A majority of the Court of Appeal (Basten and Payne JJA, McCallum JA dissenting) upheld the primary judge’s decision, finding that there was no error in the conclusion that the respondent had not breached its duty of care, and that any breach was not causative of the appellant’s injuries.
The High Court’s decision
The majority of the High Court (Gordon, Edelman and Gleeson J) upheld the appeal, holding that the respondent had breached its duty of care, that the breach caused the appellant’s injuries, and that those injuries were not the result of a materialisation of an obvious risk for the purposes of s 5L of the Act.
Characterisation of the risk
The majority considered that the relevant risk must be characterised at an appropriate level of generality (at ), and the correct characterisation of the risk was ‘the substantially elevated risk of physical injury by falling from a horse that slipped by reason of the deterioration of the surface of the arena’. Characterisation of the risk must include the ‘general causal mechanism of the injury sustained’ which ‘gave rise to the potential for the harm for which the plaintiff seeks damages’ (at ).
Breach of duty of care
The majority considered that the substantially elevated risk of injury, within the meaning of s 5B(2) of the Act, pointed to a reasonable person in the position of the respondent stopping the event and taking precautions, because the probability was foreseeable that harm would occur otherwise (at ). Precautions included satisfying itself that the arena ground was relatively safe. By inference, prior to the appellant’s round the arena ground had substantially deteriorated (at ). The failure by the respondent to stop the event and inspect the arena ground amounted to a breach of duty (at ).
The majority held that the breach of duty caused the appellant’s injuries (at ). A relevant counterfactual proceeded on the basis that the respondent would have stopped the event in order to inspect the arena ground (at ).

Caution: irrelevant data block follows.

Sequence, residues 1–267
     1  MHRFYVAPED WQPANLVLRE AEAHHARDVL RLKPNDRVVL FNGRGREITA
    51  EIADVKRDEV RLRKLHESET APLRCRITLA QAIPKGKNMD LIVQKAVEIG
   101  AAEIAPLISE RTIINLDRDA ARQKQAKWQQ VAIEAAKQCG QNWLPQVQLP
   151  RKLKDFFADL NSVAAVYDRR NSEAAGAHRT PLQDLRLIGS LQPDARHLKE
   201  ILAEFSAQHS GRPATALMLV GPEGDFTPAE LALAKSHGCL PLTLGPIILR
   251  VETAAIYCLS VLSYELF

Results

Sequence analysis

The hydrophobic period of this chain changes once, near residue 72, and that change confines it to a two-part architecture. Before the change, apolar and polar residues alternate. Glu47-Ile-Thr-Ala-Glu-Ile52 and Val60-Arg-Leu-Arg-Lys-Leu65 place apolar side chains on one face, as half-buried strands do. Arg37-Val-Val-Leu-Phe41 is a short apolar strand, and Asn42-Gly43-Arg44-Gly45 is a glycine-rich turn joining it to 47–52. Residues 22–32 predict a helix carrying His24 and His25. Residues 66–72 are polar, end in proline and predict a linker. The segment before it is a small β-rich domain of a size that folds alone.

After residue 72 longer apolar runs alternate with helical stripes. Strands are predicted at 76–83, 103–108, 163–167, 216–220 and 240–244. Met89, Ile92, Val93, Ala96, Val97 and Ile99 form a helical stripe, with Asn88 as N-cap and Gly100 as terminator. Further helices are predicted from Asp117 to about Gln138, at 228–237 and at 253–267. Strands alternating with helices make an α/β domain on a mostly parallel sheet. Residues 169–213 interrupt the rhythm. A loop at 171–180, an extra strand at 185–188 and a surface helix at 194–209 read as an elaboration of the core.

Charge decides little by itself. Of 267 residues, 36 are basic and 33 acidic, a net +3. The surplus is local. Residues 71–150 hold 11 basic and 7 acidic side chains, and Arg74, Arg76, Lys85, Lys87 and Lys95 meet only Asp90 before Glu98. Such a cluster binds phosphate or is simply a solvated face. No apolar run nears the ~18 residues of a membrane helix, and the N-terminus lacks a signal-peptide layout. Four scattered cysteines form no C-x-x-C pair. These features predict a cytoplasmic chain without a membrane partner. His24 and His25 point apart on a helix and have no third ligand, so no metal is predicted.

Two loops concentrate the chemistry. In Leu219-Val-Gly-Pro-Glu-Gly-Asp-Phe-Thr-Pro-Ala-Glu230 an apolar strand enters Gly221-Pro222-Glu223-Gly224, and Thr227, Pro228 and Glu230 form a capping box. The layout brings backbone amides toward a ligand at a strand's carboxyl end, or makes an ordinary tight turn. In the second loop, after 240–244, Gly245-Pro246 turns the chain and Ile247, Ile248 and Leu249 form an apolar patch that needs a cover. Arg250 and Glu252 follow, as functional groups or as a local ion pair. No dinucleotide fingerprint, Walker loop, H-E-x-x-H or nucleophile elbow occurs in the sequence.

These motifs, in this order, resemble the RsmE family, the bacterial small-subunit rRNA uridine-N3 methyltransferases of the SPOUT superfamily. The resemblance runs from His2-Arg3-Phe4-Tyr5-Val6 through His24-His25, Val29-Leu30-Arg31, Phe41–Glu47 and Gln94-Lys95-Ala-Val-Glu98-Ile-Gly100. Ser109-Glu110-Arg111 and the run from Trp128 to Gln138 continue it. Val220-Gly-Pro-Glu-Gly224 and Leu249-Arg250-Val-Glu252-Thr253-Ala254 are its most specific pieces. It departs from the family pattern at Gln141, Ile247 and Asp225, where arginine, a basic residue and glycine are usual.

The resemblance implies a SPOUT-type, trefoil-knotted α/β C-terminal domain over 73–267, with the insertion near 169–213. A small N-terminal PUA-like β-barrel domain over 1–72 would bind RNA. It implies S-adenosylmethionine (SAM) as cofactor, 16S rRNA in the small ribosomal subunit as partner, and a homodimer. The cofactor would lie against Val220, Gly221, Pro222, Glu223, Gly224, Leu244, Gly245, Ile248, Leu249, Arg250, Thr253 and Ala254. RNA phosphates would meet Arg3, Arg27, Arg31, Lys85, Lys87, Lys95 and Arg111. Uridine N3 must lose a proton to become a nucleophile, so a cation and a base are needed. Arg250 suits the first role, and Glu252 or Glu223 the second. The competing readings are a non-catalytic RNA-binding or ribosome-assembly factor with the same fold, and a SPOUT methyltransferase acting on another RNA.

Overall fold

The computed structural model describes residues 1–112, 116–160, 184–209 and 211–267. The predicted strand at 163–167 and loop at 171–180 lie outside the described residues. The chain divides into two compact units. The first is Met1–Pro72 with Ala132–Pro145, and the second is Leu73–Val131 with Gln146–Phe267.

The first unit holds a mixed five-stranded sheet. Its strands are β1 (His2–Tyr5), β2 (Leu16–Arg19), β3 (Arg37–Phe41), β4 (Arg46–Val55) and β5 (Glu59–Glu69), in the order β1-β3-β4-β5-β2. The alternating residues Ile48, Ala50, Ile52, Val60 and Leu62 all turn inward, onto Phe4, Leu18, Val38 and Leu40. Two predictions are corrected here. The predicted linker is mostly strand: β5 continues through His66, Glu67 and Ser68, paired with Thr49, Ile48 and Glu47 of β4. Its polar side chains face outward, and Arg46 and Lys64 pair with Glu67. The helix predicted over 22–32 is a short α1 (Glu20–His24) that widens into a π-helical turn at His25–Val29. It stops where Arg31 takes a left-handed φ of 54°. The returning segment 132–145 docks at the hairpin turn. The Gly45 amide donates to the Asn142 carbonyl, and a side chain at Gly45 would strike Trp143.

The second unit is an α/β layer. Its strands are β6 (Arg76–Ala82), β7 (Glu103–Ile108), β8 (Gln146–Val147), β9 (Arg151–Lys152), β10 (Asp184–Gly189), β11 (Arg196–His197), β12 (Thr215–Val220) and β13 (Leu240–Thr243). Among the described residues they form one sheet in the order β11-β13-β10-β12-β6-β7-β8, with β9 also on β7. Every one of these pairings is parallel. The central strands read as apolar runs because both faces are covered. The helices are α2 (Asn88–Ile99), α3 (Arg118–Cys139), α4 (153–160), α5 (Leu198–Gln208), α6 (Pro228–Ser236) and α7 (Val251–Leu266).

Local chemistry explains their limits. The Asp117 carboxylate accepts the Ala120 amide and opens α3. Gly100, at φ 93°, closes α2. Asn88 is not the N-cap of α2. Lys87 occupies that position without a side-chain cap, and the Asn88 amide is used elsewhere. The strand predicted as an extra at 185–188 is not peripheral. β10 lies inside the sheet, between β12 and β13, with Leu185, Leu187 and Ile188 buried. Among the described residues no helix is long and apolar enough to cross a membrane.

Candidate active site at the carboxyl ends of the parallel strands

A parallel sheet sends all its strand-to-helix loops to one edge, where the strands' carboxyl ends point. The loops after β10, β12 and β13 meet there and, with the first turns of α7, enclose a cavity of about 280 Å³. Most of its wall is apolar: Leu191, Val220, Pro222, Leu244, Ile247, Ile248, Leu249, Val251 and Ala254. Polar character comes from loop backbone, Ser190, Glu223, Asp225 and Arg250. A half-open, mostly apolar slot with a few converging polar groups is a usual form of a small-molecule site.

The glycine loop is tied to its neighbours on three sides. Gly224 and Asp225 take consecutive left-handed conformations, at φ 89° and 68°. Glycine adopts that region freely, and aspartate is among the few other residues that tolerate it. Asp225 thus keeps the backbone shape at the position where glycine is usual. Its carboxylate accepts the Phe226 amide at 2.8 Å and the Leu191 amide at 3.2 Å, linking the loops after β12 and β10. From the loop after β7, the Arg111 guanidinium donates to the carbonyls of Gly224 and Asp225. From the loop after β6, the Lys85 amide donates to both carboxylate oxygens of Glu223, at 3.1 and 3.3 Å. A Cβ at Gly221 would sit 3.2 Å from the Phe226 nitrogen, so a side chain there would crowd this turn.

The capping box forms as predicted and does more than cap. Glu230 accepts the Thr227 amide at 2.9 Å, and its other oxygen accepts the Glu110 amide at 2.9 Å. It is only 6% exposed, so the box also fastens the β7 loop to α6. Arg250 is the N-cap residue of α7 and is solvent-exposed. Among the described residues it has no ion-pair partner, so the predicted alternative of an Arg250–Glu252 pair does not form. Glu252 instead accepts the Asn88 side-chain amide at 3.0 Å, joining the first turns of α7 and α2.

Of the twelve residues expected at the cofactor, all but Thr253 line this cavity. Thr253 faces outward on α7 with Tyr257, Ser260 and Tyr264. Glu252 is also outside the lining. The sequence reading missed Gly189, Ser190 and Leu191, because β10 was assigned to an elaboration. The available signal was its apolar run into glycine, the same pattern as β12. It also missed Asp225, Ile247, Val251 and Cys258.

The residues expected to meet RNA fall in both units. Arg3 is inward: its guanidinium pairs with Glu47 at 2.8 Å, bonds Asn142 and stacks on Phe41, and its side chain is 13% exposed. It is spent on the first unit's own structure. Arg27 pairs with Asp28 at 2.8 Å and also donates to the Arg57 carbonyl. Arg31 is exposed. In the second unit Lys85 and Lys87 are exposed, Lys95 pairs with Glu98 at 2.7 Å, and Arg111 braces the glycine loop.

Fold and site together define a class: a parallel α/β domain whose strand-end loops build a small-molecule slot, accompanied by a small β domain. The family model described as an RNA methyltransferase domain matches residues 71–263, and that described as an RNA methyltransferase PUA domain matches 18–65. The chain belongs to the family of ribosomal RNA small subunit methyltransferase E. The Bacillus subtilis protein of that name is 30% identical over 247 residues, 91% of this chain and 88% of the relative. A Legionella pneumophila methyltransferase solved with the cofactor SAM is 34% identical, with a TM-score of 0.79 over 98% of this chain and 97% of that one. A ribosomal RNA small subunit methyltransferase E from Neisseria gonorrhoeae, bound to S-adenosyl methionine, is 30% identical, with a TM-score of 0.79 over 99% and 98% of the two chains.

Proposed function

s 5L of the Act
The following observations were made by the majority concerning s 5L of the Act:
1. the relevant risk should ordinarily be assessed after a determination that there is prima facie liability in negligence (at );
2. the relevant risk is at the same level of generality as its characterisation when assessing whether there has been a breach of a duty of care (s 5B) as well as for the purposes of assessing causation (s 5D) (at , );
3. the assessment of the obviousness of the risk proceeds from the perspective of a reasonable person in the plaintiff’s (not the defendant’s) position (at ); and
4. it is unnecessary for the defendant to show the precise manner in which the injuries were sustained for the purpose of characterising the risk (at ).
Three reasons, combined, meant that the appellant’s injuries were not the result of the materialisation of an obvious risk:
1. the appellant did not have the opportunity to inspect the ground prior to her round (at );
2. a reasonable person in the appellant’s position would not have any concerns about the condition of the arena ground (at  and ); and
3. a reasonable person in her position, if they had turned their mind to the matter at all, would have relied on the respondent to assess and make an appropriate decision about the arena ground (at ).
In dissent, Kiefel CJ and Keane J found that the appellant failed to prove the deterioration of the arena’s surface caused her horse to fall, or to demonstrate that the respondent ought reasonably to have suspended the competition and ploughed the surface before allowing the event to continue (at  and ). Of note, their Honours’ reasoning included that the evidence that the arena was ploughed the morning following the appellant’s incident was apt to introduce a degree of hindsight (at –). BN